One of the most enviable parts of a western wedding has always been a bunch of bridesmaids and groomsmen who not only make for killer #squadgoal pictures but are also on hand to help you figure things out. While most Indian wedding planning is traditionally entrusted to close family members and wedding planners, it’s becoming increasingly common for couples to be living in separate cities or even countries than their families. Why not borrow this nifty western wedding idea and enlist the help of friends who are more accessible and willing to take on some of the burden? Insta-worthy posts aside it’s also an ingenious to include all your besties on your big day and make memories for life. Added bonuses include bossing them around and throwing hissy fits that they have no option but to grin and bear it! Just know there will be payback when it’s your turn to do the same for them.
Once you have your team of little helpers in place, it’s time to start brainstorming for crazy whacky Indian wedding program ideas. This more recent western wedding custom is definitely one that is immensely beneficial in the destination Indian wedding scenario. Instead of leaving simple printed cards of times, venues and ceremonies for your guests’ reference in their rooms, get creative with illustrations, stories, pictures and hashtags and get them in the mood to party right away. You will ensure that everyone actually reads and follows the wedding program that can also double up as a unique keepsake from the event.
We’ve all heard the age old western wedding tradition of ‘Something Old, Something New, Something Borrowed & Something Blue’. It’s a no brainer that you will have something new covered with all your wedding finery and something blue might be a bit of a reach to work into a traditional Indian ensemble. But consider donning a family heirloom or even a simple handkerchief from your parents or grandparents for your wedding day. It’s not uncommon for Indian brides to rework and wear their mother’s wedding lehengas or sarees but even if you don’t go that far, maybe consider wearing an old and/or borrowed piece of jewellery or accessory. Indian grooms can get in on the action too by raiding their father’s and grandfather’s closets for some vintage finds like cufflinks, pocket squares or that really expensive pair of shoes you always loved but wouldn’t dare to ask to wear. The idea being that borrowing something from a loved one will bring you both immense positivity, love and happiness for the next chapter.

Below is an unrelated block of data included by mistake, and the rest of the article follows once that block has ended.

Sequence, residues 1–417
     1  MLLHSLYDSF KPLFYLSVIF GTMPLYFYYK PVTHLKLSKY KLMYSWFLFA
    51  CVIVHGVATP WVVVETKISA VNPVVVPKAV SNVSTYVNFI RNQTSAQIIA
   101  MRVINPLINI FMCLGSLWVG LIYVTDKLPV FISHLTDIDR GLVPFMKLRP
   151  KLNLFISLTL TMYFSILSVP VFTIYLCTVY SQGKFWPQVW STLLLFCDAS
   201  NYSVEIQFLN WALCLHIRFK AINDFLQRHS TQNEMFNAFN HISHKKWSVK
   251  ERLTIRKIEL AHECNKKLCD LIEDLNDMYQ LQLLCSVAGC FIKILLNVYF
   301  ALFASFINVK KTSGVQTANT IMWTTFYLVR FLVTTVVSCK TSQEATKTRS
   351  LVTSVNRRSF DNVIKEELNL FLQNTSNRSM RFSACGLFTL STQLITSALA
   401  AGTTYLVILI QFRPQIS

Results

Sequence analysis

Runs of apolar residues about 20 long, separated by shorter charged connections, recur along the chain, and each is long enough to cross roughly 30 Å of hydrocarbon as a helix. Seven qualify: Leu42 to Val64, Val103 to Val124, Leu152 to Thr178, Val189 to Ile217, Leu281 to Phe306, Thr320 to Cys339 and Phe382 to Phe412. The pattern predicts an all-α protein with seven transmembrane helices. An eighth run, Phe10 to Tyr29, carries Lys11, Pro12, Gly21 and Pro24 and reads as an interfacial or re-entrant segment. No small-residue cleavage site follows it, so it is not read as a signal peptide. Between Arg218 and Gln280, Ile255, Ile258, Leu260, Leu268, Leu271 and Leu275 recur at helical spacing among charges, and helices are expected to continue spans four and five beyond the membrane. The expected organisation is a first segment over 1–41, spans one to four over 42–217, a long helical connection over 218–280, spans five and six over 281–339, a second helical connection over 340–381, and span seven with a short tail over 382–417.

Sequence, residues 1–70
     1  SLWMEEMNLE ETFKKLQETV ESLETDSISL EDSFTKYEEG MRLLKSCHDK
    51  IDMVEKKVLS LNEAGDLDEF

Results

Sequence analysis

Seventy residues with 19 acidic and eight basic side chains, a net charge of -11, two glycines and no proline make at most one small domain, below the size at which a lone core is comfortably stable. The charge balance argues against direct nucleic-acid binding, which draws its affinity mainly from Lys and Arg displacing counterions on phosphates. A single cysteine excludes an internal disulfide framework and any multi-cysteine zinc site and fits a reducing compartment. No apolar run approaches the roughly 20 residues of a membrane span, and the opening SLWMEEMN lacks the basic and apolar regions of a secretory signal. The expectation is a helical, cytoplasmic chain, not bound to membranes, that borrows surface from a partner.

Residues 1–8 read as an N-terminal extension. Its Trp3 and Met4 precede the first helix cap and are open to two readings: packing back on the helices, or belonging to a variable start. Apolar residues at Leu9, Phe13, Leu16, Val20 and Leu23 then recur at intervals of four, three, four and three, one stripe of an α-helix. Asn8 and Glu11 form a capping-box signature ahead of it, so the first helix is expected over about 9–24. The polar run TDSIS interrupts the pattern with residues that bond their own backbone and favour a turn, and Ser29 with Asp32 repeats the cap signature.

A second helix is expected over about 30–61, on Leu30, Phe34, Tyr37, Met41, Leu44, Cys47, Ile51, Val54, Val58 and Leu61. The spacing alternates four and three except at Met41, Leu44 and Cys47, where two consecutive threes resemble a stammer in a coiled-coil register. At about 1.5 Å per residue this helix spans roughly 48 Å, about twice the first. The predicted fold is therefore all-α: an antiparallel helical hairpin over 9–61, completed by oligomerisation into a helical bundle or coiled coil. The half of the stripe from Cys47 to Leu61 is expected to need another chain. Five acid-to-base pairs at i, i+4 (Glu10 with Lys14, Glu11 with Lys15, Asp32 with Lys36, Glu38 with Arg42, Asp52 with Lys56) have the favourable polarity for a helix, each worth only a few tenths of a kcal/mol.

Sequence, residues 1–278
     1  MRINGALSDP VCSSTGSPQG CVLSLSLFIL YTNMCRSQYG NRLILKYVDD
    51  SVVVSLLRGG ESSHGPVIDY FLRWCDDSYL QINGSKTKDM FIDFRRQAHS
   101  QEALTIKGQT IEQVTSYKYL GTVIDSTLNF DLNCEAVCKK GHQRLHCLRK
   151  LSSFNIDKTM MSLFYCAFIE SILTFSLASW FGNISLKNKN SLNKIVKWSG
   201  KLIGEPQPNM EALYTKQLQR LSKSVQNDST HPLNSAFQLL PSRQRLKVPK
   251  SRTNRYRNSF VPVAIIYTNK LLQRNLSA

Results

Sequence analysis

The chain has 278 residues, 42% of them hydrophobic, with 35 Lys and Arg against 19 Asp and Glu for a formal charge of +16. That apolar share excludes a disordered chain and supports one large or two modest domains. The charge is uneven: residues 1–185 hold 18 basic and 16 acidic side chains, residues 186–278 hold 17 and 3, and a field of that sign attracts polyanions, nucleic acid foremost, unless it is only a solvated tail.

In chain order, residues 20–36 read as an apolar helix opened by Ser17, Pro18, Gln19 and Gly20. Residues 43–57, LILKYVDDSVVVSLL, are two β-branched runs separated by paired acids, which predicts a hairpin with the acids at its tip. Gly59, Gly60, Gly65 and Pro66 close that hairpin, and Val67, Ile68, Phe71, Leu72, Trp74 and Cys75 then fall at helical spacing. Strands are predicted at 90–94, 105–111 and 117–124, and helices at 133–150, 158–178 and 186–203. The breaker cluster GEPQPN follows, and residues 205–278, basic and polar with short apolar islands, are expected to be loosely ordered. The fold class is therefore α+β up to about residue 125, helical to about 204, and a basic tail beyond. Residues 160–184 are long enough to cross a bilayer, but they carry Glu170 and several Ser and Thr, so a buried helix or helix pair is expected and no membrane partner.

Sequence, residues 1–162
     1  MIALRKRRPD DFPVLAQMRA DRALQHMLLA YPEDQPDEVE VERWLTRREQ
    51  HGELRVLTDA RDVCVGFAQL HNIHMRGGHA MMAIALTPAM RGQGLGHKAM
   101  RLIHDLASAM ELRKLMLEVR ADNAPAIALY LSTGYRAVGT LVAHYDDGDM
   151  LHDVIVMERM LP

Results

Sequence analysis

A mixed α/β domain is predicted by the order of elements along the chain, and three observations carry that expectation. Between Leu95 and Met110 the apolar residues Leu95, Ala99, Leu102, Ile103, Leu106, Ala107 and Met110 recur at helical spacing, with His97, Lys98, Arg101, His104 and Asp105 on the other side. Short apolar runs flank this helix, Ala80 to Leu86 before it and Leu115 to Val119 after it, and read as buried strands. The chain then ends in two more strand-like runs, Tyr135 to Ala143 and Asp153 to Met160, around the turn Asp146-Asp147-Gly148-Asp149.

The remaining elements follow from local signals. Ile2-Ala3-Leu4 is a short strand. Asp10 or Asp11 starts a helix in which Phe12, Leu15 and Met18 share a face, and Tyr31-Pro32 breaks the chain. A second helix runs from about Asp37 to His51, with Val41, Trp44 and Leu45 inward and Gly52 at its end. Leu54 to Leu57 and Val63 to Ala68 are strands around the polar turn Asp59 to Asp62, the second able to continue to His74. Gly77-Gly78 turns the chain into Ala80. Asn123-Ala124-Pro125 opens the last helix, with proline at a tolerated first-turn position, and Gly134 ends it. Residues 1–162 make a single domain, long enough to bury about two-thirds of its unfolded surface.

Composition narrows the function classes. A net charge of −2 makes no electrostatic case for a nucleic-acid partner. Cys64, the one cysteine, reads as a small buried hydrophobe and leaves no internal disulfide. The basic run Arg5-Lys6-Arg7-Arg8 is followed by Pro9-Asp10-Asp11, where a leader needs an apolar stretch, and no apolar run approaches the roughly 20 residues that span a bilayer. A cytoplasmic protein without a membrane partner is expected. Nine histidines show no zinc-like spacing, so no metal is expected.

No wedding is complete without some truly teary-eyed moments and you’ve probably choked back a few watching speeches at western weddings in real life or on screen. Forget about that snooze-fest of a buffet that is a norm at Indian weddings and set up a cozy sit down dinner instead. Everyone will love you for giving their feet a rest from tearing up the dance floor and the weight of luxurious yet laboursome ethnic wear. Pop some bubbly and get the emotions going by designating people in advance to make toasts. You might catch a few tipsy errant speakers along the way but they will surely make for some hilarious after wedding stories.
Some more exciting customs from western weddings that can be slightly tempered down to suit Indian sensibilities especially for the older generation. There are similar Indian wedding traditions aimed at speculating on the next girl or boy to get married while also providing ample gossiping and matchmaking fodder for the family busybodies but there is no stopping you from including these too and doubling up on the festivities. Swap the bouquet (or add one) for a garland toss by the bride and plunge the single female relatives and friends into mass hysteria to see who can catch it first. Avoid the scandalous salaciousness of a garter toss by having the groom toss his garland or shehra (Indian headgear) into a crowd of single males and watch as they run for their lives as if saving themselves from a live grenade.
Sources: Wedmegood, Coinswap, Pinterest, Exquisiteevents, Outoftheboxevents.files.wordpress, Bridebox, Instagram, Jessicaschmitt, Goodgallery, Weddbook